Beyond suggestions that PET receptor occupancy must not be used routinely to cap dosing for new medical indications for this class,[18] or that > 99% human receptor occupancy might be required for consistent psycho-pharmacological or other therapeutic effects,[16] critical scientific dissection and debate of the above data might be needed to enable aprepitant, and the class of NK1 antagonists as a whole, to fulfill preclinically predicted utilities beyond CINV (i.e., for other psychiatric disorders, addictions, neuropathic pain, migraine, osteoarthritis, overactive bladder, inflammatory bowel disease, and other disorders with suspected inflammatory or immunological components (see anti-cancer below.) However, most data remain proprietary and thus reviews on the expanded clinical potential for drugs like aprepitant range from optimistic[19] to crepe hanging.[20]


Dr. Elizabeth Harford-Wright of the University of Adelaide has shown in studies that the growth of brain tumors can be halted by administration of Emend, noting that "We were successful in blocking substance P from binding to the NK1 receptor, which resulted in a reduction in brain tumor growth – and it also caused cell death in the tumor cells."[21]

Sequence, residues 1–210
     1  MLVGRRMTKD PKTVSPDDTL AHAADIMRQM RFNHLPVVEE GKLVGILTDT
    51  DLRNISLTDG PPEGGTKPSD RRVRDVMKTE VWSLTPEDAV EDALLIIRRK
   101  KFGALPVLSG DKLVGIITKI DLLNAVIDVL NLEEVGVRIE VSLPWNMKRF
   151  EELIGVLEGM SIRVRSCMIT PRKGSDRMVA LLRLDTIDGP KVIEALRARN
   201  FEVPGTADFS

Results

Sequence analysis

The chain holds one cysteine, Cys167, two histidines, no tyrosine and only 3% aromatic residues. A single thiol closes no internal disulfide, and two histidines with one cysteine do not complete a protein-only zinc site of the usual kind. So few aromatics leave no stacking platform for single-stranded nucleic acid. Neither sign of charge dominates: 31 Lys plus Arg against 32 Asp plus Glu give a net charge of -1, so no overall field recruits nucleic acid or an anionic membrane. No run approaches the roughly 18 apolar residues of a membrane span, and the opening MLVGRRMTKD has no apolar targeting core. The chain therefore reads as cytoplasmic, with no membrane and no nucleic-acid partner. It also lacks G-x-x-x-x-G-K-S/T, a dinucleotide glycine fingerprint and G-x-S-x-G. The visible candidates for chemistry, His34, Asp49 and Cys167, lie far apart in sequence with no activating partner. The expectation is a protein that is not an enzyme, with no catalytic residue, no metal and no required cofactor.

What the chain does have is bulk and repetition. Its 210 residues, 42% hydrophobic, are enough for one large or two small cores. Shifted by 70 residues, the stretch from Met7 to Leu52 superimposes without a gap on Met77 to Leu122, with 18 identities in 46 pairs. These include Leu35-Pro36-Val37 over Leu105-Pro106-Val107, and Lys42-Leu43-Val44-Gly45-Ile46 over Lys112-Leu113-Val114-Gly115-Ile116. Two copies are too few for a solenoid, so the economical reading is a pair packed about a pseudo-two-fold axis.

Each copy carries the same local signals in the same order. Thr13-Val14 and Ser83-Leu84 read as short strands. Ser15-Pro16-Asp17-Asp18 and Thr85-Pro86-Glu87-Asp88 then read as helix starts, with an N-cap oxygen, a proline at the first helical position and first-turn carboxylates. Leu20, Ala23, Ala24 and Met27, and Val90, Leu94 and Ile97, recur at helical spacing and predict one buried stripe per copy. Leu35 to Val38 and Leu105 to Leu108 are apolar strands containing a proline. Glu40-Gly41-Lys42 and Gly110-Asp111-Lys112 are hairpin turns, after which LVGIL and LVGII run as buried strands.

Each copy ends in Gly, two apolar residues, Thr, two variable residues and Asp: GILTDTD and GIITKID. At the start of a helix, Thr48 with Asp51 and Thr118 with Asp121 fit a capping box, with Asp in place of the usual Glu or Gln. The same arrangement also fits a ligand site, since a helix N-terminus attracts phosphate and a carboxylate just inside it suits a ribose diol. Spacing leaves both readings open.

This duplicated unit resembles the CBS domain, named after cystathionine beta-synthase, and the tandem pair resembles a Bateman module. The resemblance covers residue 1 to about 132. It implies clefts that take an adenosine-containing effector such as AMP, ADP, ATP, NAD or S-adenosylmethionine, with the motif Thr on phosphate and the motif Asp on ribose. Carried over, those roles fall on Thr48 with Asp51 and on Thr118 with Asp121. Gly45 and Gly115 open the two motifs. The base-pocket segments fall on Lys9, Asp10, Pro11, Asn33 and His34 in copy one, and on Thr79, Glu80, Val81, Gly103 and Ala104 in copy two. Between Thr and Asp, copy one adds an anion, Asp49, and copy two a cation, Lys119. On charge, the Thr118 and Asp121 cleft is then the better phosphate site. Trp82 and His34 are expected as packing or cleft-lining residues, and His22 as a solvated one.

See also


  1. ^ "Drug Approval Package: EMEND (Aprepitant) NDA #21-549". Retrieved 2011-04-19. 
  2. ^ Structural Optimization Affording 2-(R)-(1-(R)-3,5-Bis(trifluoromethyl)phenylethoxy)-3-(S)-(4-fluoro)phenyl-4- (3-oxo-1,2,4-triazol-5-yl)methylmorpholine, a Potent, Orally Active, Long-Acting Morpholine Acetal Human NK-1 Receptor Antagonist. J. Med. Chem, (1998) Volume 41, Issue 23, Pages 4607-4614
  3. ^ a b Development of aprepitant, the first neurokinin-1 receptor antagonist for the prevention of chemotherapy-induced nausea and vomiting. Annals of the New York Academy of Sciences, (2011) Volume 1222, Pages 40-48
  4. ^ Efficient Synthesis of NK1 Receptor Antagonist Aprepitant Using a Crystallization-Induced Diastereoselective Transformation. J. Am. Chem. Soc., (2003) Volume 125, Issue 8, Pages 2129-2135
  5. ^ [1]
  6. ^ Human positron emission tomography studies of brain neurokinin 1 receptor occupancy by aprepitant. Biological Psychiatry, (2004) Volume 55, Issue 10, Pages 1007-1012